The way forward is recovering an ancient view of conscience. This will be difficult, as the developed world dispensed with conscience shortly after Smith wrote. Historian Paul Johnson notes how, in the 19th century, with the influence of Freud and his circle, “the personal conscience, which stood at the very heart of the Judeo-Christian ethic” was dismissed.2 This divided the discipline of economics into two camps. One operates with a bias for The Theory of Moral Sentiments, the other for The Wealth of Nations.

In his book The Spirit of Democratic Capitalism, Michael Novak writes how Adam Smith, “was the first man in history to conceive of a world from which poverty will be banished, a world of “universal affluence” (his phrase), a world in which every woman, man, and child will be liberated from the prison of poverty.” The world is moving closer to universal affluence. But completing the task will be difficult without a complete understanding of conscience. The faith community could contribute here, but being taken seriously will require being shrewd.

In a 2003 speech, Novak noted how the developed world has moved past Christianity. Given this situation, “it is important to find words to express the common values of the West whose origins may be religious, in terms that are graspable by those who no longer go through the doors of churches or synagogues. It is necessary to express these originally religious concepts in non-religious ways.”3 Can the faith community describe conscience in language graspable to all? How about conscientious capitalism? This would align Adam Smith with an accurate assessment of human nature. And it would help lift the rest of the developing world from extreme poverty while keeping leaders in the developed world – capitalists and collectivists – from a corrupted conscience.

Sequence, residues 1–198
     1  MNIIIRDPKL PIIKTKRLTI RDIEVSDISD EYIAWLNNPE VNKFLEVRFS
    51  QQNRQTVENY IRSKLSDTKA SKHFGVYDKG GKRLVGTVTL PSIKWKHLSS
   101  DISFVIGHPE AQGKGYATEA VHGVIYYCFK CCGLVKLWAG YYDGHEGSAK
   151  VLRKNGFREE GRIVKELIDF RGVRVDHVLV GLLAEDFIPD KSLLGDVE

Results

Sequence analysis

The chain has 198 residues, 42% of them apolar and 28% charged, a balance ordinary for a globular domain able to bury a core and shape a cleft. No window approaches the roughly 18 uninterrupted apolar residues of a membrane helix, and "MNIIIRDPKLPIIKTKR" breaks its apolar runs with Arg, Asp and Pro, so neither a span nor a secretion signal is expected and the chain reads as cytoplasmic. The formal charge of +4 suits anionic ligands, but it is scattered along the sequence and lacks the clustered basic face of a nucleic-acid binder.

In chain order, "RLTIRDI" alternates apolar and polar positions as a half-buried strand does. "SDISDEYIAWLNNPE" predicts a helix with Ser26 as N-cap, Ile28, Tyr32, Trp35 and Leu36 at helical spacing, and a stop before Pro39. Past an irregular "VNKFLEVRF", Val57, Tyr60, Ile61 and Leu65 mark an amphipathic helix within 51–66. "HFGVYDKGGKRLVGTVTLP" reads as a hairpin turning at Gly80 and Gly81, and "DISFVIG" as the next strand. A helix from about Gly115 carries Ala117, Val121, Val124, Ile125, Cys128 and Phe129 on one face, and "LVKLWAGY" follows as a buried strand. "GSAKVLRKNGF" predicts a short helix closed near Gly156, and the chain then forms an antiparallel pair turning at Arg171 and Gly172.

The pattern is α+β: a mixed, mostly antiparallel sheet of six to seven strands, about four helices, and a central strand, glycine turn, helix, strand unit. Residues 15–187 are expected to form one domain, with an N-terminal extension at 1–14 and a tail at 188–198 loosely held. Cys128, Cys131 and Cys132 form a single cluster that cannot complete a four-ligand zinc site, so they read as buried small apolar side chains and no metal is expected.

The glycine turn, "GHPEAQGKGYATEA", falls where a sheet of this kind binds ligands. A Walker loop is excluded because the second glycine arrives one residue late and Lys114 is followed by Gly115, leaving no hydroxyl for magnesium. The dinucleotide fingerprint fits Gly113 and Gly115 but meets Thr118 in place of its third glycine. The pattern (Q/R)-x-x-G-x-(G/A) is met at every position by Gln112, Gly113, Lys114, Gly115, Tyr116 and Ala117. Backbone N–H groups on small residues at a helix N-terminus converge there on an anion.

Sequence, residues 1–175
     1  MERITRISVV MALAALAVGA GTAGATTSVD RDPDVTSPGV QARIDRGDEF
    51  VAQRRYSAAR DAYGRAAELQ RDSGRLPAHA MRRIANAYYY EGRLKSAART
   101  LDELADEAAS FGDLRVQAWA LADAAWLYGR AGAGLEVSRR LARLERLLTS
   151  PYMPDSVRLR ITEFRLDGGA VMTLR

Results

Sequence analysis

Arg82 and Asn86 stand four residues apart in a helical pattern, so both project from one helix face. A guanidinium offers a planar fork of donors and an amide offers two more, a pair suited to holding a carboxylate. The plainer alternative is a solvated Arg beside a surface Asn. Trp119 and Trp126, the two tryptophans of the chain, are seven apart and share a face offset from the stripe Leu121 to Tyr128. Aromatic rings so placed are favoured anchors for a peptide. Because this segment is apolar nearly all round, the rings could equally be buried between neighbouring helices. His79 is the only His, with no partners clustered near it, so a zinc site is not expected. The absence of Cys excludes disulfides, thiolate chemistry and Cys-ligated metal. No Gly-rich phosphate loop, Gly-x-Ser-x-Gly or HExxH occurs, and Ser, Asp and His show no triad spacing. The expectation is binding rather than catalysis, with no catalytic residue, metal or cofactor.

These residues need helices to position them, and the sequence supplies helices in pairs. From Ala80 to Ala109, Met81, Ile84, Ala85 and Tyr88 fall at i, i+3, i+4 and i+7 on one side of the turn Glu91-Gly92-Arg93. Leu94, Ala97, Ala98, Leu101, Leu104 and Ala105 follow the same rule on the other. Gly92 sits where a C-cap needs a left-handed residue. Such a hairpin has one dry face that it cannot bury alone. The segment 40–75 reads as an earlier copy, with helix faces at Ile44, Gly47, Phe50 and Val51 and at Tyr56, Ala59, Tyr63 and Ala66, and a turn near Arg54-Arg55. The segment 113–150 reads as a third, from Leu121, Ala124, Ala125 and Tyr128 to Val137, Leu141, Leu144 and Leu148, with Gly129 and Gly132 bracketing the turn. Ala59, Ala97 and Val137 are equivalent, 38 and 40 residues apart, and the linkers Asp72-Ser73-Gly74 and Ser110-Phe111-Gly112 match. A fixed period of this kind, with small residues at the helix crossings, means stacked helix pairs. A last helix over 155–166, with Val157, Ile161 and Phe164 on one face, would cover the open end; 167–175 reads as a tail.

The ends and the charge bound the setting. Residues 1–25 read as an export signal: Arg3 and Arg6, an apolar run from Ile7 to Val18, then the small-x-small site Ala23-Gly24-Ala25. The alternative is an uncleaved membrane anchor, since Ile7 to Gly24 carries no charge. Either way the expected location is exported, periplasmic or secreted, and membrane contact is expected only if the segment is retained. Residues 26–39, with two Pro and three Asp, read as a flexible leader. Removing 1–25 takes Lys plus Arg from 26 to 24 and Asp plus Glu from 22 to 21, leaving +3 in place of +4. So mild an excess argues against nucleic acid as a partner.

1 “Towards the end of poverty,” The Economist, June 1, 2013
2 Paul Johnson, Modern Times: The World From the Twenties to the Nineties (New York: HarperCollins, 1991), p. 11.
3 “North Atlantic Community, European Community: Divergent paths and common values in Old Europe and the United States,” a speech delivered by Michael Novak for the F.A. Hayek Foundation in Bratislava, Slovakia on July 3, 2003.


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  1. Jesus main polemic was against the rich, as the Gospels testify. In the book of Acts, the rich gave away land for the good of the community of faith.

    Adam Smith is not Jesus Christ, nor is Michael Novak Paul of Tarsus. Christianity does not equal capitalism, and basic capitalism is against the way of Jesus and the Sermon on the Mount.

    Communism failed as it was based on violence. Socialism of the democratic variety works. The US has done its best to overthrow democratic socialist leaders and nations around the world from Mosedeq in Iran to Allende in Chile to the Sandinistas in NIcaragua- all in the name of Capitalism, the greater good, and it’s god-Mammon.

  2. A compassionate community, resonates where the poor in spirit are blessed, where meek will inherit. Treasures in hearts and minds not the gold of Caesar. Capitalism celebrates an evolutionary theory of life. The Torah celebrates the Jubilee. Poverty of teaching from the Torah reaps riches of the earth not heaven. Ephesians shows where real riches are.

  3. Gary:

    “Everything” seems a little over the top. The year of Jubilee wouldn’t for example contradict conscientious capitalism.

  4. There are two kinds of “haves”. Those who work for their wealth and those who have wealth given to them. The Year of Jubilee was designed to equalize things by taking away from the Haves who had wealth given to them and returning it to the Have nots who lost their wealth for various reasons.